Limbaugh was to be a limited partner in a bid led by St. Louis Blues chairman Dave Checketts, but Checketts said in a statement today that Limbaugh's participation had complicated the effort. The group will move forward without him.
Checketts said he will have no further comment on the bid process. Limbaugh did not immediately respond to an e-mail sent late Wednesday seeking comment on Checketts' decision.
Limbaugh said on his radio show earlier Wednesday that he had been inundated with e-mails from listeners who supported him in the bid.
"This is not about the NFL, it's not about the St. Louis Rams, it's not about me," Limbaugh said. "This is about the ongoing effort by the left in this country, wherever you find them, in the media, the Democrat Party, or wherever, to destroy conservatism, to prevent the mainstreaming of anyone who is prominent as a conservative.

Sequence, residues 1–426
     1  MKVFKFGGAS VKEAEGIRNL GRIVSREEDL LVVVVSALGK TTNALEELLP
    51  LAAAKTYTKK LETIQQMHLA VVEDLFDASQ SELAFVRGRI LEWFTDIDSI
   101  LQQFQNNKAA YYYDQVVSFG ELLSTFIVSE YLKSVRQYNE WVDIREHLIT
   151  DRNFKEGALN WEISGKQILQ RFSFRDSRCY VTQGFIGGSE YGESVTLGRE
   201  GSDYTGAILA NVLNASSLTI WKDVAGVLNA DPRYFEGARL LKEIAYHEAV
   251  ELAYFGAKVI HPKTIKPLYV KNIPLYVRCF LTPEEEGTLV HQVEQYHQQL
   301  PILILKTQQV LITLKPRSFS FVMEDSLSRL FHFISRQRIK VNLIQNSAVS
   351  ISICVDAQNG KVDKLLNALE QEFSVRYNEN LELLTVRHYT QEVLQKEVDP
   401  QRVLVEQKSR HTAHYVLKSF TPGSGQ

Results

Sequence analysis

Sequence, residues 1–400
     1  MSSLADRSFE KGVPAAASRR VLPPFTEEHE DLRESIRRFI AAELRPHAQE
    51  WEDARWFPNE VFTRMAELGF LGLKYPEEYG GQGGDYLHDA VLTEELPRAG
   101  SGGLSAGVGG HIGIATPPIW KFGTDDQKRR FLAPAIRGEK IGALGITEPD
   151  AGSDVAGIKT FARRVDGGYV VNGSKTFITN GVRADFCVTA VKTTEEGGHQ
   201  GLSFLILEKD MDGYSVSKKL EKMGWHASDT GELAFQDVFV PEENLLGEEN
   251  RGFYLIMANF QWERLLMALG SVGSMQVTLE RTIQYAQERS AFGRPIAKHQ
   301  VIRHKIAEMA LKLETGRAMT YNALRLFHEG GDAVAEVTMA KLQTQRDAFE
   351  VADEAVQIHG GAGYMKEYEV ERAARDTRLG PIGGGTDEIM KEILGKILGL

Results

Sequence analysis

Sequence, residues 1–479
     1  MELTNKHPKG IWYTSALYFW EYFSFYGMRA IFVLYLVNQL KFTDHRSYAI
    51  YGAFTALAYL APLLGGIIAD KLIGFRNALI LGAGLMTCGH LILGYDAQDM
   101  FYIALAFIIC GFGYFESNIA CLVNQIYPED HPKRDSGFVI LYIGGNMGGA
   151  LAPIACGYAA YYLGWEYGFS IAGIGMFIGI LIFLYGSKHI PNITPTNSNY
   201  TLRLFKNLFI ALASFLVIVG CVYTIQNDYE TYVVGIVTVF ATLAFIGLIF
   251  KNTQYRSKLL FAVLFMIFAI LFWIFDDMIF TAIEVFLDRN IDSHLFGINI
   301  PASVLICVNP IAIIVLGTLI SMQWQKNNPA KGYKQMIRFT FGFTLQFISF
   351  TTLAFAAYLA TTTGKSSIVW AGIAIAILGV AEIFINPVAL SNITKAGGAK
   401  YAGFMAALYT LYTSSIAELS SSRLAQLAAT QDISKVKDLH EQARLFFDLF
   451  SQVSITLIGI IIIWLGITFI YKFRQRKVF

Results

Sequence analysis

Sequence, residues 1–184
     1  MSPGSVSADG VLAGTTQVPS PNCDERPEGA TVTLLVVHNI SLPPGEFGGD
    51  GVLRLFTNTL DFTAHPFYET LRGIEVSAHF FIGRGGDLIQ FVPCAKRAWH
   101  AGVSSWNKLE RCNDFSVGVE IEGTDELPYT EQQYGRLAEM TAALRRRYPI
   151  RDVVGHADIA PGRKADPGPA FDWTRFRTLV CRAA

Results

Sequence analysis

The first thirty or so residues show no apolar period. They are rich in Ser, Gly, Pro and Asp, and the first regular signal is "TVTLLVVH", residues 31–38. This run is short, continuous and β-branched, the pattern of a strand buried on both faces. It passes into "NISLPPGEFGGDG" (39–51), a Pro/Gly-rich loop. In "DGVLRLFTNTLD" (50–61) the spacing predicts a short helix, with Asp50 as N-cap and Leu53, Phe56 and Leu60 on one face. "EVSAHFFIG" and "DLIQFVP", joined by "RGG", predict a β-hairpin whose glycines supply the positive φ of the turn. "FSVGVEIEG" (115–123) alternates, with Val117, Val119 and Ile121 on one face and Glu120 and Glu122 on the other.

"Therefore, this is about the future of the United States of America and what kind of country we're going to have."
Limbaugh's bid ran into opposition from within the image-conscious NFL on Tuesday when Colts owner Jim Irsay said he would vote against the radio personality. Commissioner Roger Goodell said the commentator's "divisive" comments would not be tolerated from any NFL insider.
The Rams had no comment, reissuing a statement from Oct. 5 in which owner Chip Rosenbloom said a review of the team's ownership was under way and the club will make an announcement when it's over.